I felt his eyes before I saw his face. A quick sweep of the audience and I spotted him, the man from last night. On the aisle again, row C, seat 1. A good choice—his bulk would have overflowed the armrests of an interior seat and caused his neighbors to curl their lips and lean away.
I am sensitive to being watched. Whenever someone’s eyes rest overlong on me, a prickly awareness flushes across my neck and shoulders. It comes from a lifetime spent onstage, honing the subtler tricks of the trade—the toss of the hair, the jut of the hips, the flutter of the fingers—whatever pulls the audience’s attention. I can throw attention too: a gasp and wide eyes will send them searching for the cause of my surprise; my languid examination of another actor will turn every head in the audience to him. I know what I’m doing, and I know when I am doing it. At that moment, I was doing nothing. I had finished my line and moved stage right where I stood like a marble statue so as not to distract from Darcy’s solo verse. I was doing nothing to draw the fat man’s stare, yet he was staring.
Had he been young and attractive, I would have been pleased, but this man made me uneasy. He wasn’t watching the act; he was watching me. Two nights in a row. I’d put it down to my great beauty, but I live my life close to the mirror, and I know better.
I missed my cue—something I’d hear about later. Hands on hips, I tap-danced back into the lights, caught up with Angie approaching from stage left, and the seven Little Darlings began to sing the final refrain.
You’ve got to see Mama ev’ry night,
Or you can’t see Mama at all!
All eyes were on me now, and I blocked out any thought of the fat man in the third row.2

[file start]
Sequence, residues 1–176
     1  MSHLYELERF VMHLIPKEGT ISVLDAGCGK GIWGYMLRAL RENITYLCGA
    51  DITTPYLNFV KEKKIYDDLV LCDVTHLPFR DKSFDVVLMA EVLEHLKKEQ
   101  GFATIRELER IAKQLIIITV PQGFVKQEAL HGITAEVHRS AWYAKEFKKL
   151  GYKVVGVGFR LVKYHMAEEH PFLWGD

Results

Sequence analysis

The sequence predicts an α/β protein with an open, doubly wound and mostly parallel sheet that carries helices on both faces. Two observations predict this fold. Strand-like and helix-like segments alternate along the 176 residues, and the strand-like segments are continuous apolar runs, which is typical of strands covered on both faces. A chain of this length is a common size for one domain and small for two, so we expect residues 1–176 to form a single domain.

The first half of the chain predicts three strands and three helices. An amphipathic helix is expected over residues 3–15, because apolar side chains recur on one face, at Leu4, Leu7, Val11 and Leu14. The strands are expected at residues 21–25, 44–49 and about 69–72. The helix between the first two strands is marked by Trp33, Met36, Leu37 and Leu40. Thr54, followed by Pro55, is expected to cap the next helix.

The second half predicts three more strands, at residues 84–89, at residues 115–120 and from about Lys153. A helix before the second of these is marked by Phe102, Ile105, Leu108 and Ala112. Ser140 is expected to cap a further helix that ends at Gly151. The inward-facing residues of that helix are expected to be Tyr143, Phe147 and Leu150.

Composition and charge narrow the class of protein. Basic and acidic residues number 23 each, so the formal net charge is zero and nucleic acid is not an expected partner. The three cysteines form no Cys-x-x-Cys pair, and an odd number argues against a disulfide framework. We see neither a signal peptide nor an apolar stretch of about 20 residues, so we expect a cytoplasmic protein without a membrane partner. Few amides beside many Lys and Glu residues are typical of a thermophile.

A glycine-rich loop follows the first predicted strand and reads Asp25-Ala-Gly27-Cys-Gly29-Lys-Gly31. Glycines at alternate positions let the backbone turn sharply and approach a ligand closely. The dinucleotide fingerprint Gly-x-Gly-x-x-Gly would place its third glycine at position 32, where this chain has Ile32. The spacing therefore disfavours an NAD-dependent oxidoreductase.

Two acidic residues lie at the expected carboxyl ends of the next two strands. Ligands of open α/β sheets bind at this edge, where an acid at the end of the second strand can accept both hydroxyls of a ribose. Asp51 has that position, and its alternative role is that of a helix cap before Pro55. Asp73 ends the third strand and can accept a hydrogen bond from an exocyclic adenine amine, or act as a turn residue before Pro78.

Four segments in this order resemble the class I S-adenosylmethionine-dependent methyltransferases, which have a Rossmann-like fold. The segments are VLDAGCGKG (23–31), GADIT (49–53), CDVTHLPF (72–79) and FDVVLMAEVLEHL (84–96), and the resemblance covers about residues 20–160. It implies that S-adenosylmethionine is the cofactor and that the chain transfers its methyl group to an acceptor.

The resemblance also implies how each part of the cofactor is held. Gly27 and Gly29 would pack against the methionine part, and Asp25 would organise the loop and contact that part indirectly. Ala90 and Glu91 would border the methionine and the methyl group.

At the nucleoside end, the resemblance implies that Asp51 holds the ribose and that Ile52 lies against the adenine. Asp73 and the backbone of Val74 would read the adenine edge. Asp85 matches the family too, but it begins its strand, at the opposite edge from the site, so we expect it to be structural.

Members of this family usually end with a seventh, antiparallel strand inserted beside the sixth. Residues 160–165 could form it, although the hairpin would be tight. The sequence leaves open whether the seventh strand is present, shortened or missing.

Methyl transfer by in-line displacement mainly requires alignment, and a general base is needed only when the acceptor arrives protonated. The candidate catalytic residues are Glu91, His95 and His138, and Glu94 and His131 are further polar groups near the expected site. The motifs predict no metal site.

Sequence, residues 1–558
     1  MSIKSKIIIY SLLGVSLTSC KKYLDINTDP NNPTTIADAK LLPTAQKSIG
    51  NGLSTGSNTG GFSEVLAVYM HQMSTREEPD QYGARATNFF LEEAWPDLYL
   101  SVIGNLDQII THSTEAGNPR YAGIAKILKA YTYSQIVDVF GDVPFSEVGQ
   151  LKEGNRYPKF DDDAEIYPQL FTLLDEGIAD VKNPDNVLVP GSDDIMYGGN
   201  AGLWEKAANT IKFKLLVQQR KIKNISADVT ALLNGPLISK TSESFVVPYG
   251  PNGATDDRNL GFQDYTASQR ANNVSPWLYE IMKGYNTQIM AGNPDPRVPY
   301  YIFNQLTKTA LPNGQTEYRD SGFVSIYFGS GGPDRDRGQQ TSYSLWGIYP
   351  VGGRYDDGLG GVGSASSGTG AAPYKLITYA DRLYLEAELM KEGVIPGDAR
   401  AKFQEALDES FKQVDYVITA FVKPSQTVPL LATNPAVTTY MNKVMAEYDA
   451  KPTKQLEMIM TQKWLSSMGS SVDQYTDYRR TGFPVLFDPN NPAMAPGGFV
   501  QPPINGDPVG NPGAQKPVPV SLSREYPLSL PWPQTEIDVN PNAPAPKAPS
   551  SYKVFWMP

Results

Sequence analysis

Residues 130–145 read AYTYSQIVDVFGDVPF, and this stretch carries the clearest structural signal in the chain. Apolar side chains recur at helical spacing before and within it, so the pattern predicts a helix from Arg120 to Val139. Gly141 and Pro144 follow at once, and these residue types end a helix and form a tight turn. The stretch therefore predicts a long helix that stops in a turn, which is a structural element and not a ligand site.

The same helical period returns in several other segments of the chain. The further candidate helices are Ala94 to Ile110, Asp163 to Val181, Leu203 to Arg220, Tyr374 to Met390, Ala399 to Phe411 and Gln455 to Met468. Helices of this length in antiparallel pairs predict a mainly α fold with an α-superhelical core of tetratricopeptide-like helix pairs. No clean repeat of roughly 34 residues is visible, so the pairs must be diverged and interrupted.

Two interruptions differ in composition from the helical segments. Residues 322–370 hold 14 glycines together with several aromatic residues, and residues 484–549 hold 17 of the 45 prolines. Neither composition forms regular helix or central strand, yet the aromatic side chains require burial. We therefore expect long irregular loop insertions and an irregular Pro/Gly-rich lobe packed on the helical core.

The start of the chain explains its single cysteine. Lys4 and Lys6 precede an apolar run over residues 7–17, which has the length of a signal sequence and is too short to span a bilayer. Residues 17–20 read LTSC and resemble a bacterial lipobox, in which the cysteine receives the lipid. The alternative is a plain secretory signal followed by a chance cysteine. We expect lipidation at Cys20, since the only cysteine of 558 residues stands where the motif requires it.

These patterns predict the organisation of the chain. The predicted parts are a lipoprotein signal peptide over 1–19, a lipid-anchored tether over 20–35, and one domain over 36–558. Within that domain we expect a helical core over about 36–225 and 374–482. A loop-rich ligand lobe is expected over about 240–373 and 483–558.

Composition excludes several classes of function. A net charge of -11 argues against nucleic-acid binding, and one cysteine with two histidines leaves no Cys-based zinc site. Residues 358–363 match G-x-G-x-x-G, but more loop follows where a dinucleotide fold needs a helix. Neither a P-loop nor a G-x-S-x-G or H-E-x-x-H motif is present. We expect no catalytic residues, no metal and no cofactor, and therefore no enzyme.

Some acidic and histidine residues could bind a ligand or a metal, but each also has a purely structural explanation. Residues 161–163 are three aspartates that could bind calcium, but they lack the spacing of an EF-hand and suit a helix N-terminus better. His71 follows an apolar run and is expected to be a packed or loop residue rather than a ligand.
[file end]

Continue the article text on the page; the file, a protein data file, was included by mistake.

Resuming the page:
Three bows. It should have been two, but “Mama” stole the last one, pulling us back onstage as the applause drizzled away, leaving us to slink off in silence. I was mortified, but no one blamed me, I was just a kid. So to speak. We got out of the way for the Kanazawa Japs.
Our dressing room was as small as a closet. Angie kept bumping my elbow as I wiped off the greasepaint. I snapped at her, then apologized. She was a good kid, wiser than her seventeen years, and a good friend since she’d joined the Little Darlings a couple years back. The closet wasn’t her fault. Fact of the matter, it was better than most I’d seen growing up, with electric lights and heat and toilets in the basement. The Creighton, like all Orpheum Circuit theaters, was Big Time and pretty decent, all in all. But even a headliner’s dressing room at the Creighton would have been seriously crowded with nine of us struggling to change to street clothes.
At last I escaped, my coat over my shoulders and Angie at my heels.
“Lordy mercy, I could use a drink!” she exclaimed—uselessly, since we both knew my bottle of hooch was empty and neither of us knew Omaha well enough to find a speakeasy that would admit two girls who looked fifteen. “Three shows! Whew!”
“Many’s the time I’ve played four or even five shows a day,” I said. “And in theaters without dressing rooms at all. We’re lucky to have made Big Time.”
“I know,” she said, but she didn’t really.
We threaded our wa
“Miley shows a deft touch and sets a blistering pace in her debut novel. Leah Randall/Jessie Carr leaps off the pages in this “Roaring Twenties” period piece that drips with bathtub gin, truck-size cars, outsize personalities, money, high stakes and enough twists, turns and sleights of hand to keep one reading late into the night…Simply put, this book is FUN.”
“Mary Miley has delivered a tale that lures us into the dangerous underworld of Prohibition: rum smugglers, bootleggers, and the glamorous lost realm of vaudeville…a realm so real that we can almost smell the greasepaint. The Impersonator is an exciting debut!”
“The story is engrossing, the characters satisfyingly larger than life, and one can only hope for an encore from the smart, feisty, and talented heroine.”
—PUBLISHERS WEEKLY (starred review)
“Historian Miley, winner of the Minotaur Books/Mystery Writers of America First Crime Novel Award, presents a colorfully detailed mystery…and a heroine whom readers will want to see succeed.”
“[A] spirited debut…Compelling characters, an engaging story line, and a heroine with lots of moxie make this a thoroughly enjoyable read.”
“Miley's clever historical debut successfully portrays an intricate puzzle featuring multiple cons. Her protagonist dazzles.”